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Friends and Neighbors Mourn the Loss of Dancer, Community Gardener Robert Howard Skafte

'Somebody walks in and they can't afford coffee, he’ll just pour them a cup.'

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Robert Howard Skafte

The world had a little bit more beauty with Robert Howard Skafte in it. 

A ballet dancer, community gardener, tai chi practitioner, and friend of Minneapolis's Loring Park neighborhood, Skafte always had an open ear and a kind word for both friends and strangers.  

“Everybody on the street knows Robert,” says Deb Ervin, who befriended Skafte via the local theater and community garden scenes. “I've seen him countless times—somebody walks in and they can't afford coffee, he’ll just pour them a cup.” 

On December 8, while working at Oak Grove Grocery, Skafte was brutally assaulted and killed. He was 66. Now, friends and family are mourning his loss.

“The first word that comes to mind is ‘sparkle,’” says choreographer Patrick Scully of his friend. “That’s what comes to my mind when I think of Robert.” 

Born July 13, 1957 in Los Angeles, Robert Howard Skafte grew up in Arcadia, California, with his parents and four older sisters. His sister Patty Georges remembers her brother as sensitive. “He was a good kid,” she says.  

George says Skafte’s interest in ballet was sparked when he moved to Laguna Beach, and he continued his studies in Los Angeles. He trained in the early '80s at the Westside School of Dance, earning a positive review in the Los Angeles Times for his performance in The Nutcracker. From 1984 to 1994, he danced with Kansas City Ballet under the direction of Todd Bolender. A '92 review in the Kansas City Star described Skafte as having a "curiously abstract ardor." Another Kansas City Star review the same year described Skafte as "a gallant but vulnerable poet and a sure partner." 

Robert Skafte and Susan Manchak in Antony Tudor’s 'Lilac Garden,' 1991.Mershon & McDonald LLC

In the mid-’90s, Skafte moved to Minneapolis to dance with Ballet of the Dolls, founded by Myron Johnson. In their highly imaginative and stylized productions  he’d play Tennessee Williams, Salvador Dali, and Puck. “[Skafte] not only dances ardently but shows some skill as an actor” wrote Mike Steele in a 1995 Star Tribune review of Carmen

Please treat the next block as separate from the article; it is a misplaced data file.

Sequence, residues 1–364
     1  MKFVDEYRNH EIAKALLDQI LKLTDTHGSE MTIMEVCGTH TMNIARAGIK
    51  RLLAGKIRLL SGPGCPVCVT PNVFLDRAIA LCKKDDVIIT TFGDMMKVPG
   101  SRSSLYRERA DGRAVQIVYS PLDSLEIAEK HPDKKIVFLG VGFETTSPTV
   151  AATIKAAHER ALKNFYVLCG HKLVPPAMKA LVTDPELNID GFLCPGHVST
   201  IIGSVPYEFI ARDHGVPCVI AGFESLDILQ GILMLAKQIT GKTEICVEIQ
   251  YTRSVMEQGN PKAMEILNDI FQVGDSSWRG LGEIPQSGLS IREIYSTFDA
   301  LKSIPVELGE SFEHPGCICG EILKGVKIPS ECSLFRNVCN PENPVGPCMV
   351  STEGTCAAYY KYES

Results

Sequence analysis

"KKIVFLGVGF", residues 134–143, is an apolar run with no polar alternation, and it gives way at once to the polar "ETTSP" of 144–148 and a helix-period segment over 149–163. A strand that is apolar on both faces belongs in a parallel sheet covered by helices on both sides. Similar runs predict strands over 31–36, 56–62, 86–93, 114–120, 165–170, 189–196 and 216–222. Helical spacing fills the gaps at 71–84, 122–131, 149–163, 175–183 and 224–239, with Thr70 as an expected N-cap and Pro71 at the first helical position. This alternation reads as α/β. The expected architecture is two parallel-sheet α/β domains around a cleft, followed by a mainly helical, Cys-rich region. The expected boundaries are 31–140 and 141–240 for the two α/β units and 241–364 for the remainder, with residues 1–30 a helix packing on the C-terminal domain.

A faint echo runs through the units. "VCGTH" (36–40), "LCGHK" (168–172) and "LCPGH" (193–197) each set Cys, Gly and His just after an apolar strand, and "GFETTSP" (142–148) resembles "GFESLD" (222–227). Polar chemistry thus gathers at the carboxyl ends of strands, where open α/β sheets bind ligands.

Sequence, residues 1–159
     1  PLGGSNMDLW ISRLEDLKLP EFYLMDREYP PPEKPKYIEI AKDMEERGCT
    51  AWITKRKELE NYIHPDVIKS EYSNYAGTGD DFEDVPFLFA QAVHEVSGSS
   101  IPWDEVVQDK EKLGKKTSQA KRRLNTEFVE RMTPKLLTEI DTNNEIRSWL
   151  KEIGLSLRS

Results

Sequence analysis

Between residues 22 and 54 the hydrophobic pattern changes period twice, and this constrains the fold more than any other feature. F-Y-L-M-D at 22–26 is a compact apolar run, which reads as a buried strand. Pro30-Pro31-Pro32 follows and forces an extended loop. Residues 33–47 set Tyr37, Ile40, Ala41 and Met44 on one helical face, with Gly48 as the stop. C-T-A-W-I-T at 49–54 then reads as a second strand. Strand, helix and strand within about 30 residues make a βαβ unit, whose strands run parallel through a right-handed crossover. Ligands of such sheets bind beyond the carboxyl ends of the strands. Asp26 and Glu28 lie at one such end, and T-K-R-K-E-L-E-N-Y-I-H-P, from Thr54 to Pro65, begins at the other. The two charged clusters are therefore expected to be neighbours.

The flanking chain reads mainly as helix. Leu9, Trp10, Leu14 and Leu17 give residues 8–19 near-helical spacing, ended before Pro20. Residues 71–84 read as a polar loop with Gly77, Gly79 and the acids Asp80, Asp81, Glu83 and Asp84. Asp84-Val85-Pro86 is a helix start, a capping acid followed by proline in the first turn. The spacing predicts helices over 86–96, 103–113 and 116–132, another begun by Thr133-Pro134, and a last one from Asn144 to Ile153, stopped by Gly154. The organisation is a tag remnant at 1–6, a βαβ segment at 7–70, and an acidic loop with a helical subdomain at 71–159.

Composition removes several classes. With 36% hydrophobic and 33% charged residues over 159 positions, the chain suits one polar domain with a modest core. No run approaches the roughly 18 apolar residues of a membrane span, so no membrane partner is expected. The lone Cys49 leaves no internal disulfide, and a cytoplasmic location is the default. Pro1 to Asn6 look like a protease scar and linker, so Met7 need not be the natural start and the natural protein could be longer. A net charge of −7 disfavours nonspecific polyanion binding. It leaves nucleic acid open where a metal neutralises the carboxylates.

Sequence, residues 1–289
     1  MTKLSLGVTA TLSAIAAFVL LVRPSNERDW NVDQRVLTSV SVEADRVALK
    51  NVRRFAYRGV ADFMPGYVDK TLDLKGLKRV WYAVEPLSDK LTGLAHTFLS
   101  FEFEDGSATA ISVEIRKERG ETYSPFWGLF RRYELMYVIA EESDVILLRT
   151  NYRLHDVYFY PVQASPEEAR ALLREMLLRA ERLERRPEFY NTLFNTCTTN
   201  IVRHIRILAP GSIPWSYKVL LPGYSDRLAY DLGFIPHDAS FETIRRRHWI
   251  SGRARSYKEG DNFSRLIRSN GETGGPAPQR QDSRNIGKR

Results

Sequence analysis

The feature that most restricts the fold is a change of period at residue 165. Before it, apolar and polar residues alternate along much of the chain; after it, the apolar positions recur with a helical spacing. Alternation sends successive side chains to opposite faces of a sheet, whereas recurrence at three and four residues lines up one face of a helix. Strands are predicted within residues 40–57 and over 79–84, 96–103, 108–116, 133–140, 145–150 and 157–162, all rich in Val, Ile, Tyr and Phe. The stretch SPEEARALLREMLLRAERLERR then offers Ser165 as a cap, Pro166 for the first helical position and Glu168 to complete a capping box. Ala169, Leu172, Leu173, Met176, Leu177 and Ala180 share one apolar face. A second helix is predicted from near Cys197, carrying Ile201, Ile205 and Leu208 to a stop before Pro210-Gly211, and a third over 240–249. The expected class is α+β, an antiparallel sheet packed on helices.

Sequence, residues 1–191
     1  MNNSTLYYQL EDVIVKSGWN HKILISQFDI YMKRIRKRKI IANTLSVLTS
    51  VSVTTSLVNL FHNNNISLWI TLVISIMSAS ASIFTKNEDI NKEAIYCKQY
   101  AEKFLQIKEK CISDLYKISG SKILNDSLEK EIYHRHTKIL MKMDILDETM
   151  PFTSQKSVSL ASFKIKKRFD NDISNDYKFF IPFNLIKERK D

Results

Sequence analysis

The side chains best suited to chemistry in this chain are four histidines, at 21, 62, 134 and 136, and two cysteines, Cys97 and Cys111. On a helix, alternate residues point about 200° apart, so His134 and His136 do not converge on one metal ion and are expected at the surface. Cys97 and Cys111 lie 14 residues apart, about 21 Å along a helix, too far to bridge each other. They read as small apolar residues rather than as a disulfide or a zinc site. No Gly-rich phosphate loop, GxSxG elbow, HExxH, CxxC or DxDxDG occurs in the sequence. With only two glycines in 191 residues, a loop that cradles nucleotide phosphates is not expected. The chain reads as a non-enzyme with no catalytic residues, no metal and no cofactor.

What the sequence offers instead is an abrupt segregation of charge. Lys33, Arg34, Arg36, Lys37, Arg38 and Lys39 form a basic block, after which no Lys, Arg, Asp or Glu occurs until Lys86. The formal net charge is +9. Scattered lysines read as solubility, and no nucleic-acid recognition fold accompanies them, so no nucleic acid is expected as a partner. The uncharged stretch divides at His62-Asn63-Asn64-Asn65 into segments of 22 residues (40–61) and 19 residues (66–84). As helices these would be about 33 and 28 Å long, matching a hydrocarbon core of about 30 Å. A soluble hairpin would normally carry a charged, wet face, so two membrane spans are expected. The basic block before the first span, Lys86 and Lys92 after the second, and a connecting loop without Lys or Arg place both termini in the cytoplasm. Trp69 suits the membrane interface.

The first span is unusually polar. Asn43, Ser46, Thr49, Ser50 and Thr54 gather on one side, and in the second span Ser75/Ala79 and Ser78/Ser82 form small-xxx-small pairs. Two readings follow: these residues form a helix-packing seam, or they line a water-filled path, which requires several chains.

Alice Finwall joined Ballet of the Dolls around the same time as Skafte and was frequently paired with him. “He was absolutely riveting onstage,” she says, describing him as “a beautiful dancer with long lines and beautifully expressive movement in any role he was given.” 

“He taught me a lot about classical ballet partnering because he came from 10 years at Kansas City Ballet,” Finwall says. She would also dance with Skafte in her own choreographed works. “I really trusted him physically with my own body and weight,” she says. “I would throw myself at him, and I always knew he was there to catch any crazy maneuver that I wanted to try out with him.” 

Finwall also remembers Skafte’s generosity. “He always helped those in need,” she says. “Whether it was just a friendly conversation with perfect strangers, or for any of his friends who needed support emotionally, or for bigger tasks like, when he helped me clean out my father’s art studio—you didn’t have to ask, he would offer his help and would be there for anyone.” 

Choreographer Patrick Scully, who worked with Skafte on several pieces, says he first met him at the gym. “There is a particularly sweet culture of gay men at the gym who know each other and interact with each other,” Scully says. The last time he saw Skafte, they talked about his recent trip to New Mexico, the landscape there, and Georgia O’Keefe’s paintings. 

Robert Howard Skafte and SammyFacebook

In Minneapolis, Skafte developed an interest in gardening, food, and community. He co-founded Lasalle Community Gardens in 1997, and the Stevens Square Farmers Market in 2008. A few years later, he participated in the Master Gardener program through the University of Minnesota Extension program.

Christina Elías, a good friend of Skafte, remembers his kindness. 

“He was so brilliant,” Elías says. She’d often talk to her friend about philosophy, beauty, and art. “He was self-educated, well read, and cultured.”

The weekend before he died, Elías spoke to Skafte by phone while he was at the Walker Art Center. Skafte was sad because his dog, Sammy, had been very ill. On Monday, Skafte took Sammy to the vet. “Sammy was just riddled with cancer,” Elías says. “And he couldn't make the choice to put her down. He just didn't know what to do.” (A friend had Sammy put down shortly after Skafte’s death.)

“He is the definition of someone who builds community,” says Ervin of her friend. “If we can all be more like Robert, the world would be a better place. That's probably the best thing anybody could do to honor his memory—to think, ‘What would Robert do?’” 

There will be a public memorial for Skafte on Thursday, Dec. 28, from 5 to 8 p.m. at the Center for Performing Arts (3745 Pleasant Ave. S., Minneapolis).

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